This article, titled “‘Your phone is not your property’ and other screen time rules I give my kids” is currently being shared far and wide. Unsurprisingly to anyone who reads my work, my perspective is a little bit different. While this mom is clearly a hard and fast rule kind of person, I tend not to see things in such black and white terms. Cell phone use, like just about everything else, is filled with shades of grey, and we do our kids no favors if we set such a hard line that they don’t even get the chance to learn how to navigate it.
Here are my responses to her rules, along with why they’re different.
Dinners are generally cell-phone free. I say “generally” because there’s no actual rule about it, although the 11 year old IS a fan of announcing “Family time!” if someone answers a text. There are six of us, so while we don’t typically have many phones at the table, there’s usually one or two. And nine times out of ten, I’m happy someone has one. It makes it so much easier to quickly Google that obscure thing we happened to be wondering about in one of our infamously random dinner time conversations. For the most part, we spend dinner eating and chatting together anyway. No rules necessary.
Be creative and flexible when trying to get work done. Phones, like so many other things, can provide distractions. If it’s a problem for you, schedule in phone breaks! For example, set a timer and work for 20 minutes, then take a break for 5. I am working through my final few classes for my Psychology Bachelors, and I’m telling you…. having the option to “phone a friend” or play a quick game sometimes has been invaluable to me when writing papers or working on otherwise tedious assignments. I don’t keep my phone nearby ALL the time (I know my own limits), but it is extremely helpful when I’m in need of a break.
Plan for play time, and lots of it! Regular downtime is so important, and shouldn’t have to wait for the weekends, especially when you’re a kid! Kids should be playing... whether that means outside in the creek, up in a tree house, or yes, on a console or computer playing a video game. Strict rules about when or where or for how long kids can play video games only makes them crave it more. When the limit is lifted, and an equilibrium is found, it becomes but one of a million options.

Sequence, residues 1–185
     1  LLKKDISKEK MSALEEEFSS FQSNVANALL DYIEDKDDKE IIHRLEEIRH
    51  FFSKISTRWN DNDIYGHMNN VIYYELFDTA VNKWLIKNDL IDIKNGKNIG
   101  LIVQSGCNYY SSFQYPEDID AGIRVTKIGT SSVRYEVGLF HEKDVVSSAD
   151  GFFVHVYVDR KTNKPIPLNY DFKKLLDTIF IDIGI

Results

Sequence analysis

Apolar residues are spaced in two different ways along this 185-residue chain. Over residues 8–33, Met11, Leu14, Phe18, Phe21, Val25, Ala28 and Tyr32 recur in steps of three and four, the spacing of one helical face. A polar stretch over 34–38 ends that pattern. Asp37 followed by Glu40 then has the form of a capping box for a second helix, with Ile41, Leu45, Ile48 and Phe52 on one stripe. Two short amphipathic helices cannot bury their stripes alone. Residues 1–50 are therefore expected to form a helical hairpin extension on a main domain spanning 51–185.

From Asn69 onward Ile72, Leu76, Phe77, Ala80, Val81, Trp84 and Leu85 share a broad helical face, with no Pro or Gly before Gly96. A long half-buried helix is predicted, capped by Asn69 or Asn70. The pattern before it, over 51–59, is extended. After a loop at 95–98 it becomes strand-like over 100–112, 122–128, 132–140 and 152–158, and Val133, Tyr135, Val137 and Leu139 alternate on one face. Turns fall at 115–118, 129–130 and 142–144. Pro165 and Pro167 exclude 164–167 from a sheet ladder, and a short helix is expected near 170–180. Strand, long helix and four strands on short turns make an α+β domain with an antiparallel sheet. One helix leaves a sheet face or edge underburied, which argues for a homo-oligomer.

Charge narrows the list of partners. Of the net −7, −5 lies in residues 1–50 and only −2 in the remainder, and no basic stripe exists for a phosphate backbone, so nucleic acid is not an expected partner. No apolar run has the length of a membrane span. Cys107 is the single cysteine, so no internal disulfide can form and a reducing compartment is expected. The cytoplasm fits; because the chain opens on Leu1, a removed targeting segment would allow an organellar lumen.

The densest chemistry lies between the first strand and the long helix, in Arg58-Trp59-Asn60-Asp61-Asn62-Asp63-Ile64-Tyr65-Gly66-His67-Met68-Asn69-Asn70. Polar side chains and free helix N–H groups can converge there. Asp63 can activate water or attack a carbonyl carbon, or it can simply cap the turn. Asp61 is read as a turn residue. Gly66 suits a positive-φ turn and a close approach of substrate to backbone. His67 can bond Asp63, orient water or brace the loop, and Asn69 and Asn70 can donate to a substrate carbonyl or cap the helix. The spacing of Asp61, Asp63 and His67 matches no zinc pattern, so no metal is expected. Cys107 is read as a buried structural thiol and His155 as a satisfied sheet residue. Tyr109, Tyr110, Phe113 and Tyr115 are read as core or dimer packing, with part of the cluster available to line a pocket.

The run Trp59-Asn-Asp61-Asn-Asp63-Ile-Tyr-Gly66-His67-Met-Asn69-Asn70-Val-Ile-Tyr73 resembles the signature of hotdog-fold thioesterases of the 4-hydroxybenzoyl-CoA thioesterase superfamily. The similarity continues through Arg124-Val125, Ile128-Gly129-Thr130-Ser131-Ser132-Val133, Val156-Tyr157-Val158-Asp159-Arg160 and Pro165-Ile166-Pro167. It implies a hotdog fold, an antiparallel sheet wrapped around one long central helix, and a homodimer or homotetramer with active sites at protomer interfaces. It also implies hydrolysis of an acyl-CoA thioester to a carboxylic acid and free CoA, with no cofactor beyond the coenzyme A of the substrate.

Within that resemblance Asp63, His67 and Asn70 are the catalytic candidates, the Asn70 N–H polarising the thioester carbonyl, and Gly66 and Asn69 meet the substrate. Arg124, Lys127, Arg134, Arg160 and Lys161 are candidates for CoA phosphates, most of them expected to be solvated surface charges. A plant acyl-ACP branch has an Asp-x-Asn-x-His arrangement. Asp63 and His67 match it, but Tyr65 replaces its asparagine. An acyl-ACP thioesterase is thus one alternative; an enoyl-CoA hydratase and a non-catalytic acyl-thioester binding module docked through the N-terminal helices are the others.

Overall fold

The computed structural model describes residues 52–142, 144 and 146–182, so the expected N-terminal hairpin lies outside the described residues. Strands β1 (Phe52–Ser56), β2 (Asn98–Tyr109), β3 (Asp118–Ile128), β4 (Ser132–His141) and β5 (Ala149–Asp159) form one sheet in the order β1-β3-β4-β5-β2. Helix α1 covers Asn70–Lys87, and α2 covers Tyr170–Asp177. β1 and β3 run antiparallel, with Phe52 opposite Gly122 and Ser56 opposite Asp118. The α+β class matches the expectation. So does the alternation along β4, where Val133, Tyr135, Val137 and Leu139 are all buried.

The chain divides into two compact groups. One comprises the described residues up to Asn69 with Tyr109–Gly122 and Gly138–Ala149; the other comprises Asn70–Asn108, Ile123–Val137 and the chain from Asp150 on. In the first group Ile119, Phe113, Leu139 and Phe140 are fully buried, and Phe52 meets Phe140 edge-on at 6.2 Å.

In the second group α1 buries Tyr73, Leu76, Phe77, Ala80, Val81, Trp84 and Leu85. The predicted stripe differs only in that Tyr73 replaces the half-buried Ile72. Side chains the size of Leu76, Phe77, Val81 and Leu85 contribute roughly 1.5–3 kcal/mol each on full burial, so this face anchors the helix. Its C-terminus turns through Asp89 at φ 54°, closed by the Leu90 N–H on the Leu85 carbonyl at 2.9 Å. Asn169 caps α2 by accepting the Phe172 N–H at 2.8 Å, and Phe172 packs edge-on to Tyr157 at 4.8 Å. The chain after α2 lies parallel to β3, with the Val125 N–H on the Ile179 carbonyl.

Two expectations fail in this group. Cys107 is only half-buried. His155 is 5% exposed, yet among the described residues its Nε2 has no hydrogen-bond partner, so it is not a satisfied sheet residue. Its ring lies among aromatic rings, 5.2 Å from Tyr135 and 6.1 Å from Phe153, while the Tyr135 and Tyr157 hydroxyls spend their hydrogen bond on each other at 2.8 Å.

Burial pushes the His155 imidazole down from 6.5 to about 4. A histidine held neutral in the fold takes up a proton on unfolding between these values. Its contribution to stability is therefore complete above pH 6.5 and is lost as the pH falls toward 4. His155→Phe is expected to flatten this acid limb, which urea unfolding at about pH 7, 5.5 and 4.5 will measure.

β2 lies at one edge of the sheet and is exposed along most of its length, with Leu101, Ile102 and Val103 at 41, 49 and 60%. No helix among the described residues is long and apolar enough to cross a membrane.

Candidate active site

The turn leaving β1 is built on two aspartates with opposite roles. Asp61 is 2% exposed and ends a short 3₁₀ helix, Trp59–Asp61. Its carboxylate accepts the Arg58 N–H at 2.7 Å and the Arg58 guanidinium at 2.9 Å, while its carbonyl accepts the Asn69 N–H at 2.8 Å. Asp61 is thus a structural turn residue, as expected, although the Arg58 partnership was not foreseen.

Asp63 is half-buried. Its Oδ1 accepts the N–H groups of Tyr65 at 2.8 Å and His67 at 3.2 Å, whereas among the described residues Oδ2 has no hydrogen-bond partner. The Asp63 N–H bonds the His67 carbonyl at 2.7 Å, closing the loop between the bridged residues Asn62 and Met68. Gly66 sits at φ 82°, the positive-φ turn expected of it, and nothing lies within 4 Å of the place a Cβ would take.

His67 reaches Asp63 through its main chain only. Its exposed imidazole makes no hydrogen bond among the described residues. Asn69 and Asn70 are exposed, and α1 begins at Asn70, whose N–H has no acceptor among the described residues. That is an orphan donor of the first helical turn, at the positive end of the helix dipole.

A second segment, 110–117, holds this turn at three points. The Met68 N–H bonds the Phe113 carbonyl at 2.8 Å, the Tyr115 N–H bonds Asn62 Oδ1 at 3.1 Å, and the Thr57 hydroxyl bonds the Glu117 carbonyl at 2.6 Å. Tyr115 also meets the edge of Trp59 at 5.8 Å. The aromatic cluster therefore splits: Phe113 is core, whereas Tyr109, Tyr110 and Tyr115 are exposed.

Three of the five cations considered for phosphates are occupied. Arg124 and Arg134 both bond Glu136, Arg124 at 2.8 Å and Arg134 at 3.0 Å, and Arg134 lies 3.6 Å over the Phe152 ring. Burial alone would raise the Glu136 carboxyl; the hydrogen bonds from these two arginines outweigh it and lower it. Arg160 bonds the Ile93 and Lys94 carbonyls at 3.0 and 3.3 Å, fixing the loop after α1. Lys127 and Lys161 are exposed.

Figure out how your phone affects you at night. Everyone is different, so blanket rules about cell phone usage never helps anyone. Some people do better if they shut their phone off a couple hours before sleep. Others sleep better if they play a few rounds of Sodoku right before bed. (That exact thing was actually suggested by a doctor, to a friend of mine with anxiety and insomnia. It helped.) Sometimes some of the best conversations I have with friends are late at night, when life is quiet and guards are down. Sometimes I need to knock off early, and I stick my phone on the charger by 9:00. If something isn’t working for you, we’ll work on a solution together.
Figure out how your phone affects you in the morning. Just as with nighttime usage, morning cellphone usage varies from person to person. Some people might find it too much of a distraction to get ready on time, while others may be able to work it into their morning seamlessly. Whichever camp you fall into, life sometimes interferes, and mistakes sometimes happen. We won’t be mad if you’re late because of your phone, or any other reason. We will talk with you about strategies for next time.
Your phone is YOUR property. The popular party line says that kids don’t own their phones. Their parents bought them and pay the bill, and therefore, they belong to the parents, not the kids. In the kindest way I can think to put this: That is some misguided and unfair BS. My kids’ phones (just like their clothes, their computers, and their other belongings) belong to them.
Is there conversation about internet usage and social media safety? Yes.
Is there ongoing communication about what sort of apps they’re using, games they’re playing, and friends they’re talking to? Yes.
Do I have their passwords and go through their phone and read their texts? NO! To do so would be to violate their privacy. And yes, children are deserving of privacy, too.
The one caveat? Safety, for yourself or others. If there is an actual threat of harm in some way, I would intervene in whatever means necessary, as would any caring parent. This is NOT the same thing as casually strolling through your daily history just because I’m the parent and I say so.
Our kids are living in a different world than the one we grew up in. And I’m thankful for that! What a cool thing to be able to walk around with fully connected, working computers in your pocket. Is it a responsibility? Of course. But the best thing I can do as a parent is work with my kids as they navigate that responsibility, not against them.